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Customer Review

31 of 33 people found the following review helpful
4.0 out of 5 stars Great in theory, but tricky in practice, 21 Mar. 2011
This review is from: The Barefoot Beekeeper (Paperback)
I have built a topbar hive (to Phil's design in this book) and have had a colony of bees in it for 9 months. I also keep regular hives.

The colony survived one of the coldest winters ever - with the open mesh floor open to the elements. Proof (if any were needed) that bees don't mind cold. It's damp that they don't like, and the OMF certainly provides a lot of ventilation.

But .... I have some practical issues with the design.

1. Despite being exactly to the spec, the bees built comb across the bars and stuck it to the side of the hive inside. This means that that comb cannot be removed to be inspected. If you are unconcerned about whether your bees are a source of disease for other hives in the area, this is fine. But a conscientious beek should do their best to ensure a healthy hive - and you can't do that if you can't remove the comb for inspection.

2. Despite the use of a circular saw and really careful construction, it's a bit tricky to get the internal end-stops to be bee-proof.

3. If you want to treat for varroa (and most beeks do), it's not easy because there is no top-bee-space on which to put the thymol (a natural substance, before anyone gets too excited.)

4. For the same reason, it's quite hard to feed the bees. You need to be quite ingenious and adept at handiwork.

Summary. Topbar hives are best undertaken by skilled woodworkers and skilled beekeepers, not beginners. And if it's honey you're after, go for regular hives.

Addendum: 11.09.2011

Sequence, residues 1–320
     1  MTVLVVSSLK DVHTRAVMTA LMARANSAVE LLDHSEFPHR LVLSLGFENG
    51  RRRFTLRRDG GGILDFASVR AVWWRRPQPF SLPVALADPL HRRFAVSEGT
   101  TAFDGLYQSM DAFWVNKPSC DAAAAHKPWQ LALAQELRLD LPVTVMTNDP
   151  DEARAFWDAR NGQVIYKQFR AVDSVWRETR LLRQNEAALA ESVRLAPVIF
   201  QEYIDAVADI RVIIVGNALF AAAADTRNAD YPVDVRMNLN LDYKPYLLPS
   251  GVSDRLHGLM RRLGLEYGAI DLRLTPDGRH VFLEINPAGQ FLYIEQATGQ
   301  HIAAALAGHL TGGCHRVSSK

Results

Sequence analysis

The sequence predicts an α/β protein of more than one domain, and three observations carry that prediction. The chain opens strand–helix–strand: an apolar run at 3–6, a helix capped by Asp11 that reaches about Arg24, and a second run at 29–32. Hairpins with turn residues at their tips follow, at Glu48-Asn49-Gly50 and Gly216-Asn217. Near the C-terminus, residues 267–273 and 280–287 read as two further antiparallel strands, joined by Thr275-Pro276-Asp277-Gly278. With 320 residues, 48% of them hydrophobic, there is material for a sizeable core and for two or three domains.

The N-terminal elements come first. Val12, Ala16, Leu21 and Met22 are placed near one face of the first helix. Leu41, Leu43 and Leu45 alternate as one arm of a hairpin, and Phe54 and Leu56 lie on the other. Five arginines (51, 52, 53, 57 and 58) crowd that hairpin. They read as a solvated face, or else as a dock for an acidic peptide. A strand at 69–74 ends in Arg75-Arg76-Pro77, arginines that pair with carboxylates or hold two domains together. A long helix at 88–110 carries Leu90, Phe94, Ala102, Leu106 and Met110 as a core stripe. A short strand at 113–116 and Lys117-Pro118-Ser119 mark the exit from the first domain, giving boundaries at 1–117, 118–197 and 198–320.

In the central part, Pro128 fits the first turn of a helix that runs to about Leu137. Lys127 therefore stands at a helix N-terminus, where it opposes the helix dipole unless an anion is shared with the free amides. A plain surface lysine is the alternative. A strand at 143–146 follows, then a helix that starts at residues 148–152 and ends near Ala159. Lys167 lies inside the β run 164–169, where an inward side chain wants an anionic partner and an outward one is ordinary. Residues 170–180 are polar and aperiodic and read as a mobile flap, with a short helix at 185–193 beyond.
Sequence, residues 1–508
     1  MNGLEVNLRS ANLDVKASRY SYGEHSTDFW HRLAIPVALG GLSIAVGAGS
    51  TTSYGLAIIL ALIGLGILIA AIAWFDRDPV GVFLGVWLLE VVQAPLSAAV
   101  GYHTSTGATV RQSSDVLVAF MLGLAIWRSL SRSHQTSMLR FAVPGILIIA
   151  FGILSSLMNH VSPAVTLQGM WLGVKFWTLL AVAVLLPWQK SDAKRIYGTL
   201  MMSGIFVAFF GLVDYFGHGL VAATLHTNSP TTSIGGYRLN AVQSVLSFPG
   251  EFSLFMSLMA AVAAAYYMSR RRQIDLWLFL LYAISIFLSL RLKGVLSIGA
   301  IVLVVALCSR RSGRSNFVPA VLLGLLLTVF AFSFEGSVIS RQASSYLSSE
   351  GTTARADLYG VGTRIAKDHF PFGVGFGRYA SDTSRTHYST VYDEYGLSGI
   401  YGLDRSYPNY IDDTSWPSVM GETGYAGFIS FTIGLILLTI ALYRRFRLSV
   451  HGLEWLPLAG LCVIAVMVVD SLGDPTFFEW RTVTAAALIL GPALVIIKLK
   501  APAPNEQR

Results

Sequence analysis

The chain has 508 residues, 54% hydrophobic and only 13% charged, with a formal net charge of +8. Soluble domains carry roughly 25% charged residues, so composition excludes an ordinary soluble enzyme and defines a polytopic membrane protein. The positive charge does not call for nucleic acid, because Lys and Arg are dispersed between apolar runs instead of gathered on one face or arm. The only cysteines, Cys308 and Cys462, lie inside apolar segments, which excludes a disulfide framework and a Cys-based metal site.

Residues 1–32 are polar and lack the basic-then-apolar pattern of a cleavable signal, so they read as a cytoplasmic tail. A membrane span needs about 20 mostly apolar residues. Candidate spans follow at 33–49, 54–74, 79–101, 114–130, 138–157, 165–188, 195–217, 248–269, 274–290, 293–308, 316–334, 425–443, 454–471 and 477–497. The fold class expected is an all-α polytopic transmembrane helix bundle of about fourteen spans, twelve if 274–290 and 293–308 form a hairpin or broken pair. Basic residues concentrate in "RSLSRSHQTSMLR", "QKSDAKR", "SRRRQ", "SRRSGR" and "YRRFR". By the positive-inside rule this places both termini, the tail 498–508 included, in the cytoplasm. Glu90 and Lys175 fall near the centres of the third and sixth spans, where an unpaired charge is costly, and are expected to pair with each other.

My top bar colony died. It was the only colony that I was unable to treat for varroa and it was the only colony that died. Anecdotal, rather than convincing scientific, proof of my previous review.

I am interested that most positive reviewers have not actually kept bees!

I really do have an open mind and I love to try different methods, probably before I am proficient enough to do so.

I expect there to be a backlash against top bar/Kenyan hives because they are more difficult to manage than conventional hives. So new beeks will find that they have more dead colonies that their conventional colleagues.

But if your Darwinian goal is bees that evolve to resist varroa, then your dead colonies will contribute to evolution of the european bee. Good luck with that! You will need a lot of patience and a long life :-) And a lot of dead bees.
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Showing 1-6 of 6 posts in this discussion
Initial post: 27 Nov 2011 12:03:54 GMT
P. Hatcher says:
Sorry to hear that your TBH colony perished. But I'd like to comment on your assertions.

1. You had cross combing because your guides were not good enough. Had you have spotted this earlier you could have tried different guides and got the bees to follow them. I fully agree that comb needs to be inspected. Comb can easily be cut were joined to the side of the hive. I have two TBHs and have little difficulty inspecting the comb. I'd rather have the bees build their own comb rather than using contaminated foundation.
2. I agree. But the bees will propolise any small gaps anyway. And if the gap is really big you could always use a little imagination and fill the gap.
3. There are many other treatments for varroa than thymol. I know sugar dusting is oft mentioned. Also it's just as easy as a traditional hive to hang any impregnated strips on the bars.